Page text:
Hydrogeologic features inherited from the pre-eruption landscape include low-volume springs that discharge within the northern meadow fringe (Figure 2). At all three springs, the welded tuff is either exposed or inferred to be present. Since the springs have a similar distribution as the welded tuff outcrops in the northern fringe and the welded tuff is offset by faults in the northwest part of the meadow  and likely at the knickpoint, it was inferred that the springs are the surface expression of fracture flow within this bedrock unit.
The combined discharge from pine tree and cabin springs was 2 × 10−3 m3/s and remained consistent for monthly measurements between April and October, 2014. However, in WY2015 the discharge decreased by approximately half by the end of the water year. The discharge from these springs (Figure 2 and Figure 7) was carried in excavated canals toward the seasonally flooded meadow, but in both cases, the spring outflow in the canals was perched over silt-rich deposits that overlie the pumice aquifer. The outflow spreads out across the surface at the terminus of the canals.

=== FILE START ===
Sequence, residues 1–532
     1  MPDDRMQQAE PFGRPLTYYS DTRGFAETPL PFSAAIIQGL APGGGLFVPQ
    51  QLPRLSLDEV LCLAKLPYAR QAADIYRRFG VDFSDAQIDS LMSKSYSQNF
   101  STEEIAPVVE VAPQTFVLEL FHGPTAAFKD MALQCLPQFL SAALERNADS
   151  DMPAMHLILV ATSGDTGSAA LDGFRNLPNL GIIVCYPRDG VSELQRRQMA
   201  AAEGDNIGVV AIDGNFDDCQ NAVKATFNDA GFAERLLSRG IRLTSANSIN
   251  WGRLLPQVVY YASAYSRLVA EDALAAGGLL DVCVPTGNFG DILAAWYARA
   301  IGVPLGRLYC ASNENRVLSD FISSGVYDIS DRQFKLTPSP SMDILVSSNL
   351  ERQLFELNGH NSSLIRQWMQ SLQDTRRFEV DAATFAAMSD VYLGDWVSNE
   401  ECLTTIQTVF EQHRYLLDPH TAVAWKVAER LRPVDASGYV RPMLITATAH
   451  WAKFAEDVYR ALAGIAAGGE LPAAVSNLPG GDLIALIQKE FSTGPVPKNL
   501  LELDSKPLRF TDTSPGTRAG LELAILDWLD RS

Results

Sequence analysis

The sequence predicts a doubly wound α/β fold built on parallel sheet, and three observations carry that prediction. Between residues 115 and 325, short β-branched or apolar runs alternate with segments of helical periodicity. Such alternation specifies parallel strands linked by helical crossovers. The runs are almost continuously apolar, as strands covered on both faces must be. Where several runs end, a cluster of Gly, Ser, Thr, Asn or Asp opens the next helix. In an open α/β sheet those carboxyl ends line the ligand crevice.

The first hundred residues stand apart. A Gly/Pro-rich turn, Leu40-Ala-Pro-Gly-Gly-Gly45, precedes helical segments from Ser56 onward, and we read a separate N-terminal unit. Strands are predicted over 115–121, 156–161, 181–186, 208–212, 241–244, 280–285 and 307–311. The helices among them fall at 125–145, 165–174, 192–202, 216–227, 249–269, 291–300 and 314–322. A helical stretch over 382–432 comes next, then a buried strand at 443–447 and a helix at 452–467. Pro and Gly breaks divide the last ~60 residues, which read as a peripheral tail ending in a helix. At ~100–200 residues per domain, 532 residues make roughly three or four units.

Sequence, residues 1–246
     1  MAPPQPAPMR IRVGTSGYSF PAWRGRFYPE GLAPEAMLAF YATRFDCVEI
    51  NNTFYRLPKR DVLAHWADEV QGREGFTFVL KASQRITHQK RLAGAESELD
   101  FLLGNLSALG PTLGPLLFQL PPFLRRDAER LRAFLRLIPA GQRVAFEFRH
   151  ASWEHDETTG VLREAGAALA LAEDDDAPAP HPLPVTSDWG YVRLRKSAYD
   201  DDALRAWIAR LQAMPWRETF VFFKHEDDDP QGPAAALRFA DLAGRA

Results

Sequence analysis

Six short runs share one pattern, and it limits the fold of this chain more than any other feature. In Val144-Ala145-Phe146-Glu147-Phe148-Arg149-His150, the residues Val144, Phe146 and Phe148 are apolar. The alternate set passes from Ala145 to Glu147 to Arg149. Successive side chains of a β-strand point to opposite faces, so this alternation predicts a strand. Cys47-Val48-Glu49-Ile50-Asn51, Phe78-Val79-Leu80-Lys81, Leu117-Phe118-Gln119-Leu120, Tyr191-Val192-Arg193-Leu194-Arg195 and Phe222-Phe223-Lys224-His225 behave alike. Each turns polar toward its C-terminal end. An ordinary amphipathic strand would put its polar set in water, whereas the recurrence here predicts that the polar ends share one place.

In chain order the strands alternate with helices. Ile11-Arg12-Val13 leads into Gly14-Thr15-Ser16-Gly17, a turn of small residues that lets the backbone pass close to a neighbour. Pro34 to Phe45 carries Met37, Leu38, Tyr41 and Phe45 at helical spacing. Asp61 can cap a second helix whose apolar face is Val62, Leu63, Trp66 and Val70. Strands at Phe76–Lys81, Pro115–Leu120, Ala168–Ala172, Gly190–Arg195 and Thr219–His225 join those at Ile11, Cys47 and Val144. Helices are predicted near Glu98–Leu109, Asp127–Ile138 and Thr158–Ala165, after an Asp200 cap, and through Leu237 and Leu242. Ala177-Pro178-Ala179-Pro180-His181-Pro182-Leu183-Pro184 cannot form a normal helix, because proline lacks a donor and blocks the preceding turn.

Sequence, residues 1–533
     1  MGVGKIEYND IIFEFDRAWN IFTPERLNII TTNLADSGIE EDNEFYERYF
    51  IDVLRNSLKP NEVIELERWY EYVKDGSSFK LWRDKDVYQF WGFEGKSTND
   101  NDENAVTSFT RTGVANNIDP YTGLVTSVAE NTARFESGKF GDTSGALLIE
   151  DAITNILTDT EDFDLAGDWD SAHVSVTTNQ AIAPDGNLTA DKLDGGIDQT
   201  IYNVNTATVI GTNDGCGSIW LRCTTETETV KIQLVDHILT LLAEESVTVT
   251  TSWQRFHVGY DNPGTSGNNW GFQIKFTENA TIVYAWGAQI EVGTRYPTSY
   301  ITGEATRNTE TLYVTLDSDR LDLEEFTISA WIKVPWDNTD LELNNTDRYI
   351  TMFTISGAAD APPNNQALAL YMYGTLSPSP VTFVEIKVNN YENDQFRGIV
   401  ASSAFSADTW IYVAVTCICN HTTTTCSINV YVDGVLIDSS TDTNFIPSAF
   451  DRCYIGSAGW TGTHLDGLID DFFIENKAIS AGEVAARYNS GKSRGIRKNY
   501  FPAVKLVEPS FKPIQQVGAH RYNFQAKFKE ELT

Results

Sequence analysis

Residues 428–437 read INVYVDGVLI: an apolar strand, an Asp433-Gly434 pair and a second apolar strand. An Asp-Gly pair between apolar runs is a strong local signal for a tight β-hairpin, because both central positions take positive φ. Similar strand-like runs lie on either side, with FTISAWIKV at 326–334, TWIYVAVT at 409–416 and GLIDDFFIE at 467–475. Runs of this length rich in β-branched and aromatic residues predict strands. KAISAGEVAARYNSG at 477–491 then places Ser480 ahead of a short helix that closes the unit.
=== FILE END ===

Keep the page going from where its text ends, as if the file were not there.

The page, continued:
Discharge at the third spring, outlet spring, flows directly into Sellers Creek. Discharge for this spring was determined by measuring discharge in Sellers Creek above and below the confluence of a channel from the spring to the creek. Visual inspection suggested discharge from the spring was relatively constant, but decreased by about half by the end of WY2015. However, calculated discharge varied from 1 × 10−3 to 1.1 × 10−2 m3/s during WY2014 reflecting difficulties in accurately measuring discharge in Sellers Creek. In WY2014, isotopic ratios indicate discharge from the seasonally flooded meadow over the knickpoint at the head of Sellers Creek ceased (see 7.0). However, discharge in Sellers Creek above the confluence with outlet spring was 4 × 10−3 m3/s and 1 × 10−3 m3/s, in August and September, respectively. Flow in the creek between the knickpoint and confluence is due to diffuse discharge from the left bank where remnants of the pumice aquifer overlie welded tuff. Outlet spring was probably the largest point of discharge in the first 280 m of Sellers Creek where welded tuff was bedrock.